Using ocean observations and a large suite of climate models, Lawrence Livermore National Laboratory scientists have found that long-term salinity changes have a stronger influence on regional sea level changes than previously thought.
“By using long-term observed estimates of ocean salinity and temperature changes across the globe, and contrasting these with model simulations, we have uncovered the unexpectedly large influence of salinity changes on ocean basin-scale sea level patterns,” said LLNL oceanographer Paul Durack, lead author of a paper appearing in the November issue of the journal Environmental Research Letters(link is external).
Lined with bottles triggered at different levels of the ocean, this conductivity, temperature and depth profiler bearing a suite of sampling bottles is a mainstay of oceanography. It can be deployed to depths of 6,000 meters to study changes in ocean temperature and salinity. Photo courtesy of Ann Thresher/CSIRO.
Sea level changes are one of the most pronounced effects of climate change impacts on the Earth and are primarily driven by warming of the global ocean along with added water from melting land-based glaciers and ice sheets. In addition to these effects, changes in ocean salinity also can affect the height of the sea, by changing its density structure from the surface to the bottom of the ocean.
The team found that there was a long-term (1950-2008) pattern in halosteric (salinity-driven) sea level changes in the global ocean, with sea level increases occurring in the Pacific Ocean and sea level decreases in the Atlantic.
These salinity-driven sea level changes have not been thoroughly investigated in previous long-term estimates of sea level change. When the scientists contrasted these results with models, the team found that models also simulated these basin-scale patterns, and that the magnitude of these changes was surprisingly large, making up about 25 percent of the total sea level change.
“By contrasting two long-term estimates of sea level change to simulations provided from a large suite of climate model simulations, our results suggest that salinity has a profound effect on regional sea level change,” Durack said. “This conclusion suggests that future sea level change assessments must consider the regional impacts of salinity-driven changes; this effect is too large to continue to ignore.”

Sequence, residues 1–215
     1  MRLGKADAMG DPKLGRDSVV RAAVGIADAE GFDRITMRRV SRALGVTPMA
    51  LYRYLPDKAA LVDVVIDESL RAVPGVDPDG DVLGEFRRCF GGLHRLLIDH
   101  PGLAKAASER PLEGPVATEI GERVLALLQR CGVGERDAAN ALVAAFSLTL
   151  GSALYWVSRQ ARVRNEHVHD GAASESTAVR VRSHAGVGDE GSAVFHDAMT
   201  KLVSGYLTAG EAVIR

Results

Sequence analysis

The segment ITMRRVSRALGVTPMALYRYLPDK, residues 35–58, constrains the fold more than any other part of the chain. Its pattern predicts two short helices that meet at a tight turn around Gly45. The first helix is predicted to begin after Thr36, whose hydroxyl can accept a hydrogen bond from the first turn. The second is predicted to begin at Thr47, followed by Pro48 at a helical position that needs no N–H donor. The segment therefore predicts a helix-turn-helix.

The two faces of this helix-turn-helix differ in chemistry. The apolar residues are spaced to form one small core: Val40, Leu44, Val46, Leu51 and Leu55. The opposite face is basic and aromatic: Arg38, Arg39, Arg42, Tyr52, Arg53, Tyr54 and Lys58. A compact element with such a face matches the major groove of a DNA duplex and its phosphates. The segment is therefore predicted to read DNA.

Other collaborators include LLNL’s Peter Gleckler, along with Susan Wijffels, an oceanographer from Australia’s Commonwealth Scientific and Industrial Research Organization (CSIRO). The study was conducted as part of the Climate Research Program at Lawrence Livermore National Laboratory through the Program for Climate Model Diagnosis and Intercomparison, which is funded by the Department of Energy’s Regional and Global Climate Modeling Program.
Anne M Stark | EurekAlert!
Invasive Insects Cost the World Billions Per Year
04.10.2016 | University of Adelaide
Malaysia's unique freshwater mussels in danger
27.09.2016 | The University of Nottingham Malaysia Campus
Researchers from the Institute for Quantum Computing (IQC) at the University of Waterloo led the development of a new extensible wiring technique capable of controlling superconducting quantum bits, representing a significant step towards to the realization of a scalable quantum computer.
"The quantum socket is a wiring method that uses three-dimensional wires based on spring-loaded pins to address individual qubits," said Jeremy Béjanin, a PhD...
In a paper in Scientific Reports, a research team at Worcester Polytechnic Institute describes a novel light-activated phenomenon that could become the basis for applications as diverse as microscopic robotic grippers and more efficient solar cells.
A research team at Worcester Polytechnic Institute (WPI) has developed a revolutionary, light-activated semiconductor nanocomposite material that can be used...
By forcefully embedding two silicon atoms in a diamond matrix, Sandia researchers have demonstrated for the first time on a single chip all the components needed to create a quantum bridge to link quantum computers together.
"People have already built small quantum computers," says Sandia researcher Ryan Camacho. "Maybe the first useful one won't be a single giant quantum computer...
COMPAMED has become the leading international marketplace for suppliers of medical manufacturing. The trade fair, which takes place every November and is co-located to MEDICA in Dusseldorf, has been steadily growing over the past years and shows that medical technology remains a rapidly growing market.
In 2016, the joint pavilion by the IVAM Microtechnology Network, the Product Market “High-tech for Medical Devices”, will be located in Hall 8a again and will...
'Ferroelectric' materials can switch between different states of electrical polarization in response to an external electric field. This flexibility means they show promise for many applications, for example in electronic devices and computer memory. Current ferroelectric materials are highly valued for their thermal and chemical stability and rapid electro-mechanical responses, but creating a material that is scalable down to the tiny sizes needed for technologies like silicon-based semiconductors (Si-based CMOS) has proven challenging.
Now, Hiroshi Funakubo and co-workers at the Tokyo Institute of Technology, in collaboration with researchers across Japan, have conducted experiments to...
14.10.2016 | Event News
14.10.2016 | Event News
12.10.2016 | Event News
21.10.2016 | Health and Medicine
21.10.2016 | Information Technology
21.10.2016 | Materials Sciences